SurgicalMasksHaveBecomeaSymbolofNewFashion

If there is current confusion and fear, misinformation and anxiety caused by the spread of new coronaviruses, surgical masks. When history looks back to the 2020 pandemic, those white or light blue rectangles cover up the mouth and nose, turning everyone into a confused pelican, and that's what we see.


After the infection was identified, masks began to appear almost immediately, first in Asia, where it was already common, and then in Europe. These days they are everywhere. (Nowhere-severe shortage of masks).

Photos of the masked person now illustrate almost all news stories about the virus on the front page and on social media. After all, the infection itself is intangible: a microbe located on a hard surface, which is transmitted through water droplets from an infected individual through the air. Invisible

The mask has surpassed the hand sanitizer and disinfectant wipes in the bottle, and it has become the embodiment of the virus. A shorthand for our imminent fear, the desire to hide, the inability to protect ourselves, and all the desire to act.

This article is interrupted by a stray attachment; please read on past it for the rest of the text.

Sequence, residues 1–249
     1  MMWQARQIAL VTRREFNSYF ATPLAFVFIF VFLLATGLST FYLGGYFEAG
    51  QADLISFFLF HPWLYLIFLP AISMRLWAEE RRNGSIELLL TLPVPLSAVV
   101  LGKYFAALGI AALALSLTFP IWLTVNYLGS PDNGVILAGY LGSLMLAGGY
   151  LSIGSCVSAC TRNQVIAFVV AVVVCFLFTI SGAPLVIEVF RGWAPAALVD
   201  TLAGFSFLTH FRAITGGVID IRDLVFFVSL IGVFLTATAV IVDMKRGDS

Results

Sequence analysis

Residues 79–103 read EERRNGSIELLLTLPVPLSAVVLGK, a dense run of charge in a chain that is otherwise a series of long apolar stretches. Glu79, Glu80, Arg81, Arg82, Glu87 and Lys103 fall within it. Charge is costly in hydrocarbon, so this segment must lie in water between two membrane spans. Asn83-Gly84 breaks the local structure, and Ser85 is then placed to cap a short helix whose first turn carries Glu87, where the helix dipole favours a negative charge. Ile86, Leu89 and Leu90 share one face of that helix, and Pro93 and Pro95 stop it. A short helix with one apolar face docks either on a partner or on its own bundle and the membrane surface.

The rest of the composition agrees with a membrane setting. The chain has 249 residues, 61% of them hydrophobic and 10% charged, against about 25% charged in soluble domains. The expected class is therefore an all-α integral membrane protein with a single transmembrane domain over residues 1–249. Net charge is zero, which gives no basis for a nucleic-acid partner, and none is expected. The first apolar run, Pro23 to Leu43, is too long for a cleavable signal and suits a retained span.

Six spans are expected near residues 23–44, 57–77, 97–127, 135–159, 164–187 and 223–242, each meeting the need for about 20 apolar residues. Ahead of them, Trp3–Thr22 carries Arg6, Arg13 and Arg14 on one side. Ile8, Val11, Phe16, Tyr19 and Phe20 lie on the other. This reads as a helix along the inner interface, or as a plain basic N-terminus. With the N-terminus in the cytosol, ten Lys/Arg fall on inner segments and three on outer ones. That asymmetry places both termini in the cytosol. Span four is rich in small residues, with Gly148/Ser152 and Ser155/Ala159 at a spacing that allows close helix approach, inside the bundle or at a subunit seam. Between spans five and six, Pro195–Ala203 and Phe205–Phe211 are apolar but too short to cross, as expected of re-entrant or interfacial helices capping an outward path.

In this case, it is just the latest iteration of the object (attachment?), And since its creation in the mid-1890s, it has played a huge role in various cultures and our self-evident forms of communication. Masks-The types of masks that cover the nose and nose, not the types of eye masks or Michael Myers. They all have their own history and connection, and have long been a symbol of trouble.

They represent the safety and protection of disease and pollution; solidarity protests; racism; fashion trends; now, pandemics. Christos Lynteris, a medical anthropologist at the University of St Andrews in Scotland, says they have been a sign of "hidden but communicable things." He said it was "an interesting dialectic and very dependent on context."

How can gauze on a belt be so significant in nature?

News References: https://www.nytimes.com/2020/03/17/style/face-mask-coronavirus.html